Review 2. Iron Butterflies

Cinema can revisit and reevaluate history with the surgical tools at its disposal, allowing it to reconstruct memories, events, contexts and emotions – much like assembling a complex puzzle. Iron Butterflies (Żelazne motyle) is the kind of documentary that adeptly combines cinema’s timeless, traditional techniques with the innovative integration of cutting-edge technologies that contribute to the narrative concerning the humanitarian crisis.

Ukrainian director Roman Liubyi delves deep into the 2014 case of a passenger plane brought down by Russian forces as it crossed the Ukrainian border. The incident unfolds as Russia denies any such attack, while other countries seek to investigate the tragedy. The cohesion of these two efforts actually highlights the absurdity of reality, and it shows how nothing has changed even today. The rapid editing is interrupted by impressionistic segments featuring contemporary dancers captured in silhouettes, choreographed harmoniously by the British-Australian artist Bridget Fiske. They effectively convey the intricacies of a war by conceptualizing themes such as the violation of personal boundaries and the issue of sexual assault against women. This is achieved through poetic gestures intentionally crafted to provide moments of reflection, allowing viewers to contemplate the multiple perspectives surrounding the incident and the broader context of interpersonal violence. The result is a deeper emotional resonance with the sensitive issues surrounding the plane crash and the violence between people.

The recurring use of fragments of utilitarian documentary material elucidates the technical aspects underpinning the investigation, shown mainly through amateur footage, materials from international television archives, photo collages, Google Earth archives, and the materials from the Dutch Safety Board team’s investigation and reports. Edited with intrusive cross-dissolves, the flow maintains an essay-like cadence as it harmonizes the style of journalistic materials with the black-and-white segments, accompanied by a mix of experimental sounds, repetitions of words, thoughts, and victims’ names.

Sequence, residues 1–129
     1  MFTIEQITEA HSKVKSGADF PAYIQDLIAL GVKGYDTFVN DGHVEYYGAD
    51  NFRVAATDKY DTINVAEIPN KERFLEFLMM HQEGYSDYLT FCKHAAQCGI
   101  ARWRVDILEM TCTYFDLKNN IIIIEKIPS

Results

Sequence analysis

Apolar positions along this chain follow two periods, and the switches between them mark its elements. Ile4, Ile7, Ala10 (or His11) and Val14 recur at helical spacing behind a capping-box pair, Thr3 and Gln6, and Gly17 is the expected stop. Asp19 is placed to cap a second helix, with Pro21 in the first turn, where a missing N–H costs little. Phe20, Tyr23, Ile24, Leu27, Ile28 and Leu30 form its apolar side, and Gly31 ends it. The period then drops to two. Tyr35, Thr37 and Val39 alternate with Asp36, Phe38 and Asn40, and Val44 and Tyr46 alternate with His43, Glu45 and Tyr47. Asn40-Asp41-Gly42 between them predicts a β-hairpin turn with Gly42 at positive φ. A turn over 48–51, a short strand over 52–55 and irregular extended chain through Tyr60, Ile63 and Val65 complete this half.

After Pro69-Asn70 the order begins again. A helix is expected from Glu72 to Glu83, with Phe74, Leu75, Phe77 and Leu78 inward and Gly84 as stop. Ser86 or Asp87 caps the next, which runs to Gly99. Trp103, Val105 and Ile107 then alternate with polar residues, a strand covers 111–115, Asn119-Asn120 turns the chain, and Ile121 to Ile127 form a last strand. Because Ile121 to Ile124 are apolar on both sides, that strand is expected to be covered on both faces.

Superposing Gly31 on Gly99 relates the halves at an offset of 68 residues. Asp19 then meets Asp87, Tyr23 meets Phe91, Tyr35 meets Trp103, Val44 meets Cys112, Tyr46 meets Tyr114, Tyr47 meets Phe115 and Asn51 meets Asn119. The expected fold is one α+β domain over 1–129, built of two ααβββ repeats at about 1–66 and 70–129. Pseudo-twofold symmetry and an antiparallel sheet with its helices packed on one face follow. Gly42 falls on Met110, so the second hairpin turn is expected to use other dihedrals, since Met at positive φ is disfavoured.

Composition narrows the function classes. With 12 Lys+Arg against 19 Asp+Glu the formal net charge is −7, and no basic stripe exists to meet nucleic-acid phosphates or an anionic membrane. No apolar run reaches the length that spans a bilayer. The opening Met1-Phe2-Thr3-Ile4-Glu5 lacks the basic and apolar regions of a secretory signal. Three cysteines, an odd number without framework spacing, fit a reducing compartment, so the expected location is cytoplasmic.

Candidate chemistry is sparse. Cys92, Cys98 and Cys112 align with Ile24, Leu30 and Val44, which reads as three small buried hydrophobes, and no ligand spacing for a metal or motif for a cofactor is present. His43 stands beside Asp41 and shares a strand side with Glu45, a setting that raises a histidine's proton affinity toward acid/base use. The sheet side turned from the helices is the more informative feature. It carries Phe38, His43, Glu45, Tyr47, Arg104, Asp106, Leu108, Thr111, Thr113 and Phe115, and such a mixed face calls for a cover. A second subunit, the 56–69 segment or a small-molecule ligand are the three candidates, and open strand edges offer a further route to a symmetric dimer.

At times, the material is altered – such as the zooms and crops applied to the faces and lips of the Russian presenters narrating propaganda news – but not to the point where the critical eye, or the hand of Liubyi in this case, distorts their original meaning. Such devices become increasingly evident, especially when following the airplane icon on Google Maps or during brief digital explorations that trace the path of evidence and speculation. These elements create the opportunity for the iron butterflies to serve as a poignant symbol, representing the victims falling from the sky like heavy metal pieces.

There is an urgency in the fact that many of the effects of social and political events are not adequately addressed. Even more, there is insufficient discussion regarding the fears and questions that arise from the loss of security, territorial dominance, and psychological and emotional trauma experienced by those in conflict zones, and refugees. It is becoming more apparent due to the war in Ukraine initiated by Russia, but it is not evident that these issues are prioritized in any way. Iron Butterflies powerfully highlights cinema’s enduring capacity to explore history and give voice to profound, silenced emotions.

Dalesia Cozorici